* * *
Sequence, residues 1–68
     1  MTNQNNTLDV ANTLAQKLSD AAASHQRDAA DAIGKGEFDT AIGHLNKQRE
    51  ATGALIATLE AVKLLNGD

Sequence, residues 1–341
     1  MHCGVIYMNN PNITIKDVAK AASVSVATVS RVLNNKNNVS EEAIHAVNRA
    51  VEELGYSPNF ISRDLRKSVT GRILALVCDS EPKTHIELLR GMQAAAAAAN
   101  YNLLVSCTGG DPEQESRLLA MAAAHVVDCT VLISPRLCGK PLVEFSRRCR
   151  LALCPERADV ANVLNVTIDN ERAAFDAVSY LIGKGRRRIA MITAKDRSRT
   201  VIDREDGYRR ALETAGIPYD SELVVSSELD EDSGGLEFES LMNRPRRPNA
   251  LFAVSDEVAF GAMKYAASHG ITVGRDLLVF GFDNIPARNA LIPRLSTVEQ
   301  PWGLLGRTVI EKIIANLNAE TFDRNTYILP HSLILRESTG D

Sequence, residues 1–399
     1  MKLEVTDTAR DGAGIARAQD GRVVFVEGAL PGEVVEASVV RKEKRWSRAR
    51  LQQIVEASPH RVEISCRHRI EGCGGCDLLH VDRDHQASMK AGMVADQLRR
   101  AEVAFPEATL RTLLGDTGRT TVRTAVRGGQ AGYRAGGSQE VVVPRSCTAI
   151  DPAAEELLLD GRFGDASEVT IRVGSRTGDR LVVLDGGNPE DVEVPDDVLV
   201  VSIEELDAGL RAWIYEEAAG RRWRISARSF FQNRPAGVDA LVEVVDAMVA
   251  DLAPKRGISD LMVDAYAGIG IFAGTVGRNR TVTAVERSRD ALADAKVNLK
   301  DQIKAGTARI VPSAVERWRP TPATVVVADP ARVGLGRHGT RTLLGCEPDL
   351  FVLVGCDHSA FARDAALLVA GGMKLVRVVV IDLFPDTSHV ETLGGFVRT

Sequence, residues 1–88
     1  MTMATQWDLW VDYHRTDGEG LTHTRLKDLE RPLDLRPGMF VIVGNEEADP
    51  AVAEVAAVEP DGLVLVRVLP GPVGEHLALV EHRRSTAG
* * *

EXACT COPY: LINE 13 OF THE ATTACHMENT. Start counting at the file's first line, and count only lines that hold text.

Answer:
     1  MKLEVTDTAR DGAGIARAQD GRVVFVEGAL PGEVVEASVV RKEKRWSRAR